Trading volumes decreased in all areas at the start of the COVID-19 lock-down. No surprise, travel and allied services were one of the most seriously hit businesses – the business which should bounce back quickly as soon as a generalized vaccination is licensed. When it’s going to be anybody’s guess right now. However, the decrease in volume may also be linked to enterprises throughout the world sitting down on their accounts, storing funds for more essential things, such as the pay of month-end while trying to figure out how their businesses would shut down their offices completely.
Government schemes implemented in April to promote SMEs clearly increased business trust and since everyone had accustomed to the job-dependence change, they began to feel much more ‘company-as-usual.’ There were positive signals that corporations were adapting to a new standard, though trading volumes dropped in March and April.
What will be in the future?
It is hard to foretell exactly what is in store in these unpredictable times. According to reports COVID-19, the light at the end of the tunnel is becoming smaller in virtually all advanced economies and is rising again in the world. What should be done is to watch and guide the Federal Reserve and the Bank of Canada as they meet in September. Market traders examine every word of their words meticulously and the currency is bounced and likely to be impacted by a bearish (negative) tone or emotion.
Officials in Canada have said clearly that the recovery would be a lengthy, rocky and uneven way, as the economy is slowly opening up. The Bank of Canada warned of an extremely unclear prospect, which makes the future very hard to anticipate due to the unprecedented uncertainty. Recent figures show that the economy came to a close in April of this year (if an uncontrolled second wave of cases does not happen), but recovery requires a great amount of assistance from and stimulation for monetary policy. Until the 2% inflation objective of the BOC is stably reached, a “hospitality policy” remains in place. Here’s the essential term ‘sustainable.’ The COVID-19 issue has devastated consumer and business trust, and it will only rebound until sustainable development is attained.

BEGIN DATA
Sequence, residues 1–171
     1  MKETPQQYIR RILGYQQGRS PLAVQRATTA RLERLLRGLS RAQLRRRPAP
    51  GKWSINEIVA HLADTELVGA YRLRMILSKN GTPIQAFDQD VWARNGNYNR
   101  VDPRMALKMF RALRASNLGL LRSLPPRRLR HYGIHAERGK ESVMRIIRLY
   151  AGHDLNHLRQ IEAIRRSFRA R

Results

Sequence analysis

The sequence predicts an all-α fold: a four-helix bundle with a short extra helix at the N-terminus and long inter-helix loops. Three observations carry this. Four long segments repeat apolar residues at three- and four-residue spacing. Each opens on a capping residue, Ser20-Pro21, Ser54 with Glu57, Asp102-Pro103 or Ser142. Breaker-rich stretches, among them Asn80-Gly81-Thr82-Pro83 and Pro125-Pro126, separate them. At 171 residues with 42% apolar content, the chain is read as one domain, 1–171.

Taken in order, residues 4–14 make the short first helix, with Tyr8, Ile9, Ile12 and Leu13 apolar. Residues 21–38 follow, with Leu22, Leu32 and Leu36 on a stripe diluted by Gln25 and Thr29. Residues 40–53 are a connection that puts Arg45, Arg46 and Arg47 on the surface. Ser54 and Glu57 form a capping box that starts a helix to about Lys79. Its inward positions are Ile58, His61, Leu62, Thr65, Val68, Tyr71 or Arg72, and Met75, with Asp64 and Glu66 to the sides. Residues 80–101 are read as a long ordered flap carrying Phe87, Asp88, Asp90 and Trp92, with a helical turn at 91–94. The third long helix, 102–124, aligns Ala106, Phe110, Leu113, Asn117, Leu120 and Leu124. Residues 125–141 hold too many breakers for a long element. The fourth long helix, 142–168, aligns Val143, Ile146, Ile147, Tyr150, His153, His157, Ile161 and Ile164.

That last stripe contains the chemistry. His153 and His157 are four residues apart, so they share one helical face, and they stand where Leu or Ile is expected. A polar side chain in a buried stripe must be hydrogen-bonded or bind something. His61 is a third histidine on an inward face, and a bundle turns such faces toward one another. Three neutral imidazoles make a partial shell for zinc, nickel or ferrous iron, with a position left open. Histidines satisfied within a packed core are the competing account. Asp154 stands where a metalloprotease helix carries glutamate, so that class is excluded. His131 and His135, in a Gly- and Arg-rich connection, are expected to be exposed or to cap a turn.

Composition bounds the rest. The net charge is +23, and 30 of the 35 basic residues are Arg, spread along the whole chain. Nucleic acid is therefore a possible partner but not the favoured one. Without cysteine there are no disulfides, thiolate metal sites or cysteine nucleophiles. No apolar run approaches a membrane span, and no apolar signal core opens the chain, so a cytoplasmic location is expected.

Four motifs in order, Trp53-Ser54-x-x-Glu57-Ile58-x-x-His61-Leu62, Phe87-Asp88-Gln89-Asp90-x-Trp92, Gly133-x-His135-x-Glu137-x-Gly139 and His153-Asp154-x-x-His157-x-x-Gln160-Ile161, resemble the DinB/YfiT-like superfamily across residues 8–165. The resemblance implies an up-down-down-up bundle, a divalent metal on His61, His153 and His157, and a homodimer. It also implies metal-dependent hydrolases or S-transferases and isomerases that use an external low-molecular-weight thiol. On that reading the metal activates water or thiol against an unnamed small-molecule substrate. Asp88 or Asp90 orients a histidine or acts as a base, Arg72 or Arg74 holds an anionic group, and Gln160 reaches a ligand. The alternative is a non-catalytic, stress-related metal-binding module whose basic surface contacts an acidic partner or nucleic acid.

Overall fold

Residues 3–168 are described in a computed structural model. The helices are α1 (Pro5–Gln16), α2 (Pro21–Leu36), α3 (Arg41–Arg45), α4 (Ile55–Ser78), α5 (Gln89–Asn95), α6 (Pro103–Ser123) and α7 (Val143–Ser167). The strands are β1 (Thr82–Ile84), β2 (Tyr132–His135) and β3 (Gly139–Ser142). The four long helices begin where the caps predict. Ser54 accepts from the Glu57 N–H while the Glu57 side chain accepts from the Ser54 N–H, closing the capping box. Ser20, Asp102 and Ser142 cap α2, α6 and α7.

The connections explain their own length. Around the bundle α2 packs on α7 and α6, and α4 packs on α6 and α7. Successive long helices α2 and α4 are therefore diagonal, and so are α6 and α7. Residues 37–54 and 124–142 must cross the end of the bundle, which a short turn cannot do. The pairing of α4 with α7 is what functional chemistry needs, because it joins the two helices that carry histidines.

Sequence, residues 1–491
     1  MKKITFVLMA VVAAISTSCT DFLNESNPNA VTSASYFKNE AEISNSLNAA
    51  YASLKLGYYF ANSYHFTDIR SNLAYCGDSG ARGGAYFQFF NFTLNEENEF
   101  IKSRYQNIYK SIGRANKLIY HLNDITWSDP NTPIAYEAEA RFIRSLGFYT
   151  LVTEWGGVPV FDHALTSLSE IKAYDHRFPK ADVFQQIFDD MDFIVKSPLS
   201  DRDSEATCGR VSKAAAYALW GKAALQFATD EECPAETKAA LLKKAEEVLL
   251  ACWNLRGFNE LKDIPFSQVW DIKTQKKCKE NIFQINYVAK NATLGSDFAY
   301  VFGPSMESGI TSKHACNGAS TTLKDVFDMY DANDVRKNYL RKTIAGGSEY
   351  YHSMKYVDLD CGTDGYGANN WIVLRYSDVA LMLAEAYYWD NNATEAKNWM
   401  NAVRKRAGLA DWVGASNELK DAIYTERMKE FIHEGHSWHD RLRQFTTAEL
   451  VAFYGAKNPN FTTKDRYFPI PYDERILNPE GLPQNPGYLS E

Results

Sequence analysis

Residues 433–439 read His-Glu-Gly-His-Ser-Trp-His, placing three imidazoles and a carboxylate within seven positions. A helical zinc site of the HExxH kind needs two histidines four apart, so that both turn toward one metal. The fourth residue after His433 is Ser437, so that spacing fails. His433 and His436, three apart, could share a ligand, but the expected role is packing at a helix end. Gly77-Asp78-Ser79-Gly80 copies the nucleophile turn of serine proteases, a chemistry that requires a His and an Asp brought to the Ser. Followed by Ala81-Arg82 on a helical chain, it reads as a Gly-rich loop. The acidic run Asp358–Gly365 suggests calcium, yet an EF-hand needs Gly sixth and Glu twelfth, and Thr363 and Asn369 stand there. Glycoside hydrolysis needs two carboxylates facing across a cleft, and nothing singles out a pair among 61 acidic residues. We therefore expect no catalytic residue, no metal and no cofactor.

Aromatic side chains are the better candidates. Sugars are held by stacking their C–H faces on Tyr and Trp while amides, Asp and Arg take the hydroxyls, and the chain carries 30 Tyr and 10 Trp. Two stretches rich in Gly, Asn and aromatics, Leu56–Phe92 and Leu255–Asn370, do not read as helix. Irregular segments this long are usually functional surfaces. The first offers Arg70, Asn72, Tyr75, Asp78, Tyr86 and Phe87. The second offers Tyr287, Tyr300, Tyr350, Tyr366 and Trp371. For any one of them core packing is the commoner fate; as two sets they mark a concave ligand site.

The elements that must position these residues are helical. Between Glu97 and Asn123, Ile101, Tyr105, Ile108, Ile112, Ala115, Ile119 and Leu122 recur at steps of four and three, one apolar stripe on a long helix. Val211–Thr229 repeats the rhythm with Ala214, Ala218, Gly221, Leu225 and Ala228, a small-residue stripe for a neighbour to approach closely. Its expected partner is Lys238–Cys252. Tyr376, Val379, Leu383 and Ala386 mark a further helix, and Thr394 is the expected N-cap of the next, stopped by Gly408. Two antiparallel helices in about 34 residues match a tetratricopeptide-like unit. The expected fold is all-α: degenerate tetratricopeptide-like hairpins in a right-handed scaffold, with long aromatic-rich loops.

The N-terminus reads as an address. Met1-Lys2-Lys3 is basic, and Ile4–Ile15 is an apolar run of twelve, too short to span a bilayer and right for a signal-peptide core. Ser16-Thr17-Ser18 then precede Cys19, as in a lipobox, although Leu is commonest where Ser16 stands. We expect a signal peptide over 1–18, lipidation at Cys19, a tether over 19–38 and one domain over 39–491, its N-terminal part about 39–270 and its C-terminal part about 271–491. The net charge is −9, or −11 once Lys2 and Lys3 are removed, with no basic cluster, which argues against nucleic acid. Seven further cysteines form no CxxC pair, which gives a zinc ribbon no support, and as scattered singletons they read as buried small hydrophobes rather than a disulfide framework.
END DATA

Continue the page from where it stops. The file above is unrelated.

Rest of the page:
“This pandemic will run greater numbers before mid-2022 since vaccination and effective treatment are widely available before then,” the Bank of Canada stated in an official statement. This scenario directed us to talk on policy and recognized the tremendous uncertainty surrounding these assumptions.” The remark was that, after the economy was progressively restored, a more sluggish and longer period of consolidation and recovery may lead to an “exceptionally robust short-term growth.”
The US Federal Reserve is expected to retain its stimulus strategy and low rate until it is sure that inflation can continue to exceed 2%.
With COVID-19 increasing cases, the US dollar will probably not decline considerably soon. It has previously seen the US dollar softly from its heights in March/April and may thus expect a period of stabilization. Remember – in uncertain times, frightened markets are rushing into American assets (such as fear of a second worldwide wave of COVID-19).